I love my job. I enjoy going to work, I enjoy helping people and I enjoy continuously trying to better myself in what I do. I decided to do this job not because of the status that is supposed to come with it, the massive salaries we supposedly earn, or indeed the luxurious lifestyle people seem to think we have, I do it because when I go to sleep at night I know I've made a difference that day.
I might have helped to save someone's life, I might have made that blood test a little less painful, or I might have helped a grieving family pick up the pieces and carry on with life. It's a stressful job every single day but I love the positive difference I can make. Given the satisfaction I get, I am usually immune to the cuts and demoralisation the government hits the junior doctors with... but we've hit a new low.
I finished medical school seven and a half years ago and since the day I graduated doctors have been pushed further and further into the ground. We are a caring bunch by nature and in the past we have just accepted what's been thrown at us because of that love for our jobs.
We skip food, break our knees, bust our backs, drink less than our dehydrated patients, have unsettled nights, miss weddings, funerals, birthdays, children's school events, and we cry. Yes we actually cry at work, at home, during the night. It's a stressful job, and of course I knew what I was letting myself in for, but at the moment I feel worthless – why do I put myself through this?
You'd leave your job, or at least challenge things if you felt worthless, right? If I left my job that's it... no more being a doctor, no more GMC licence, no more UK. I'd either go into management elsewhere or I'd move abroad. But I don't want to go into management, and I don't want to leave the UK.
So here we are, hearts broken, standing outside the Houses of Parliament. I don't want to strike, but we're being made to feel like we are worthless and we're being taken advantage of. Who cares that women will be discriminated against, that we'll work longer hours, more weekends, be understaffed, and that part-time workers will also be disadvantaged?
Who cares that doctors are wholeheartedly miserable every day at work at the moment? That's why doctors are leaving their beloved profession. Do you think this government will listen to us by tweeting or writing to Jeremy Hunt begging him to talk to us? Do you think this contract will change if we continue to provide normal care whilst striking?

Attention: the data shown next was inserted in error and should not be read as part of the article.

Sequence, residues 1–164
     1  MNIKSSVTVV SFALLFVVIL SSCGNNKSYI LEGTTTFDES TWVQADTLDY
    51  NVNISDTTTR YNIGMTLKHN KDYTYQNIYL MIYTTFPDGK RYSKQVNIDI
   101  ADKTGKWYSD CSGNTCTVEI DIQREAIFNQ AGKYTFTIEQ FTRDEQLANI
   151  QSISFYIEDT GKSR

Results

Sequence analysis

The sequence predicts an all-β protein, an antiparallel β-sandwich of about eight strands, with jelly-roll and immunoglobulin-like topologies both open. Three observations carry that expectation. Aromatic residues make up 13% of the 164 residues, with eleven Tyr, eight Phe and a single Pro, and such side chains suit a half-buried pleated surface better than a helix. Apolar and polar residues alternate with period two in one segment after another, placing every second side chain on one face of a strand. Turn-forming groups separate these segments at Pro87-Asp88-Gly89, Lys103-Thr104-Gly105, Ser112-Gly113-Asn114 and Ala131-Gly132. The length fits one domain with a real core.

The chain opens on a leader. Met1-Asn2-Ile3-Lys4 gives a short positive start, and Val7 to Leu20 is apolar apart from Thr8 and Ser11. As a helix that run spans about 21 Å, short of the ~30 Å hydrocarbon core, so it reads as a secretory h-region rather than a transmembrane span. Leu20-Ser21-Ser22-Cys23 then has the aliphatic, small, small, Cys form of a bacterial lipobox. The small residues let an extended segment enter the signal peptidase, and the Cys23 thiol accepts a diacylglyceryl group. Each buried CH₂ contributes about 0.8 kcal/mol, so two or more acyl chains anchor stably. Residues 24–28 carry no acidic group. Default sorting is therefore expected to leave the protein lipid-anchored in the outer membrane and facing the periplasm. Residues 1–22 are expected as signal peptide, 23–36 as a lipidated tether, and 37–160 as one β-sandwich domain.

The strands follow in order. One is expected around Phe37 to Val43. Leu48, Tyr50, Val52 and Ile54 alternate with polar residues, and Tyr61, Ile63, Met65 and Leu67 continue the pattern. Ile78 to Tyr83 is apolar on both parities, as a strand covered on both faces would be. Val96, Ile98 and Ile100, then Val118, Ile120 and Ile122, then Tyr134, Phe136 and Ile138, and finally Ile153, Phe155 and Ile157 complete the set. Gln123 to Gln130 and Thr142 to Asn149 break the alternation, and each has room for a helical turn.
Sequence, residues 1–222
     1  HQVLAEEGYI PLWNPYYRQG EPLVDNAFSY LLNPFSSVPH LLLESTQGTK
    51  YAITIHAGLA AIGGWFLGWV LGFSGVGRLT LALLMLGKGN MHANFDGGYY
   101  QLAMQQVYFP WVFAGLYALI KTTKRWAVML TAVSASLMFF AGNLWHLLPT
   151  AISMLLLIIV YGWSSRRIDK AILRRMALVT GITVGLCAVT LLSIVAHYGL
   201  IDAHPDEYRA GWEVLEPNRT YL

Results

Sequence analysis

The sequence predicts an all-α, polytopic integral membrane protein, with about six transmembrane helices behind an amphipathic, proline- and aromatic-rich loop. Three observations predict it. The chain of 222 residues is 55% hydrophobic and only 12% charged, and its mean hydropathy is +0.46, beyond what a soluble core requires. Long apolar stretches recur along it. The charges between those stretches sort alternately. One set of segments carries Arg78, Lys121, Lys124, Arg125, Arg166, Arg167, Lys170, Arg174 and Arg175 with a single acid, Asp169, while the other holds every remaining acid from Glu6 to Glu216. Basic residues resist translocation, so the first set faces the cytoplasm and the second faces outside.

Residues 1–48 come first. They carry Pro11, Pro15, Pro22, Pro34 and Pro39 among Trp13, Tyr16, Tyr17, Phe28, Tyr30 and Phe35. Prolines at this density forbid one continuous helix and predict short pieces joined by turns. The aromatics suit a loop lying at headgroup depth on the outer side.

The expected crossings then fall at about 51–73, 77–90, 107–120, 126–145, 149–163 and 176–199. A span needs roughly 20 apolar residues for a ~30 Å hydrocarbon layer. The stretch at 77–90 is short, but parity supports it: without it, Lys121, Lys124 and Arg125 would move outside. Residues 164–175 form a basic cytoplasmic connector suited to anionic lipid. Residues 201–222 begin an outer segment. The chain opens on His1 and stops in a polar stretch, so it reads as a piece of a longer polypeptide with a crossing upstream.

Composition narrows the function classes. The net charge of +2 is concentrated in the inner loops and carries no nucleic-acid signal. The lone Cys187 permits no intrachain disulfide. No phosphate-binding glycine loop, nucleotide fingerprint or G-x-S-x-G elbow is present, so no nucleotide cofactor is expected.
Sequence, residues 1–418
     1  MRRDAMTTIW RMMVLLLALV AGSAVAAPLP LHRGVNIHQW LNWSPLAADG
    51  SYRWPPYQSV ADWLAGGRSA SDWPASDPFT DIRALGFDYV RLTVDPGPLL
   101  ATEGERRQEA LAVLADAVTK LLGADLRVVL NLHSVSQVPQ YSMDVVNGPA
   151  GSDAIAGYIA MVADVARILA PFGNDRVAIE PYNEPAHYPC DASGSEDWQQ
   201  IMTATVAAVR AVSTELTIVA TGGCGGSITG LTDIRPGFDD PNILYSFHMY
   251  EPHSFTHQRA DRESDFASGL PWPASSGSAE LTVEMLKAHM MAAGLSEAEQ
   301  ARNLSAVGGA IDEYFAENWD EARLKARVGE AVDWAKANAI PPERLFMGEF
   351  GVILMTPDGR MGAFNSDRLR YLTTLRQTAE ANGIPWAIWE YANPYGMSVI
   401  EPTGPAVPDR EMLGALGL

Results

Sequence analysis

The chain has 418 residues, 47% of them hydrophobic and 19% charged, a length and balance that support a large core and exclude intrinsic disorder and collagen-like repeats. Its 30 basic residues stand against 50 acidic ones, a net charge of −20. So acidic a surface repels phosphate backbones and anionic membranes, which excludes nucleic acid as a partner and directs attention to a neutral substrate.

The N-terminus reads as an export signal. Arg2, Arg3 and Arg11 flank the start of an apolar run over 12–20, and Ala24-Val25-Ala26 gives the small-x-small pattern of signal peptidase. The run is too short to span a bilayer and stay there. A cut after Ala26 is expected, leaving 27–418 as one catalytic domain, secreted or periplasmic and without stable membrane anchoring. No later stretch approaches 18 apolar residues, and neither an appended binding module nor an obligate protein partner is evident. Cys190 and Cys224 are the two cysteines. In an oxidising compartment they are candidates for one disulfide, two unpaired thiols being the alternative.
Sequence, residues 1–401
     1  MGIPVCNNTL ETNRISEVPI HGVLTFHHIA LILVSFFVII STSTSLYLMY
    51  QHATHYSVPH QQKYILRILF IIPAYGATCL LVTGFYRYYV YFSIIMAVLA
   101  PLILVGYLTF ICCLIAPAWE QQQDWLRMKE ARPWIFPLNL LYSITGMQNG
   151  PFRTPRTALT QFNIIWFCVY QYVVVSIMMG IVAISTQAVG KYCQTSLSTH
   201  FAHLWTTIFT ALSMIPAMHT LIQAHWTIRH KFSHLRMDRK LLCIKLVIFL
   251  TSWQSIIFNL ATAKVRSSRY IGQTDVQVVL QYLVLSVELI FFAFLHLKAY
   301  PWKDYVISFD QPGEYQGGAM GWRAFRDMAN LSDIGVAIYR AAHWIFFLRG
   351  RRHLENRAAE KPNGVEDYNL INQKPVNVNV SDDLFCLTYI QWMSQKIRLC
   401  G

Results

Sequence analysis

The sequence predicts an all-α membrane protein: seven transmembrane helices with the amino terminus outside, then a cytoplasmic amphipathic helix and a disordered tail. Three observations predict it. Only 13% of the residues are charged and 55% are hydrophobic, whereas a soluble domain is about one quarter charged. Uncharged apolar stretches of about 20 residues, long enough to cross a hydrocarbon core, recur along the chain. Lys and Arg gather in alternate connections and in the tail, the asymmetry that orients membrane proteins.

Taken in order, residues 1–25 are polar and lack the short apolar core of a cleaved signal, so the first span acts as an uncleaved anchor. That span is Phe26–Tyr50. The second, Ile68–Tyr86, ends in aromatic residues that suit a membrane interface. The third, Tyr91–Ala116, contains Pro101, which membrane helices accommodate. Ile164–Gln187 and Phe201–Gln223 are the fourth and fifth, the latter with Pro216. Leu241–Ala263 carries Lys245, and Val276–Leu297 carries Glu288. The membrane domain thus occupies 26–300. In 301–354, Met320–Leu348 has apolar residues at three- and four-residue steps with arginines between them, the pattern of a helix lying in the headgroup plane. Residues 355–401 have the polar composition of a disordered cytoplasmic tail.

The sad reality is that we have to fully walk out of care to make the government realise what they are losing and listen to us. It would have been better for everyone if they would just listen to us without this disruption. But they do not realise what we do and they do not care what this contract will do to us and our patients. Jeremy Hunt has already said he will impose his contract no matter what. So I ask, what would you do?
To those who presume we think we're above working weekends – most of us already work weekends, as well as regular 13-hour shifts through the night. And to those who assume we became doctors for the money, please consider that there are more lucrative professions which require much less training.
I studied for six years to become a junior doctor, and still have a huge debt. There are also many lucrative careers which don't include facing the anguish of a family's grief. Sickness is a part of life, as is both recovery and grief. We hope to make every process as painless as possible.
I've cried in exasperation at our situation. We should be proud to live in a country which offers free healthcare, not punishing those who work to provide it. Our duty is "First do no harm", but there is harm being done to us. And if this contract goes ahead, that will mean unsuitable care for our patients. That is exactly what we're fighting for.
Rachel Carnall is a Paediatric Registrar in north London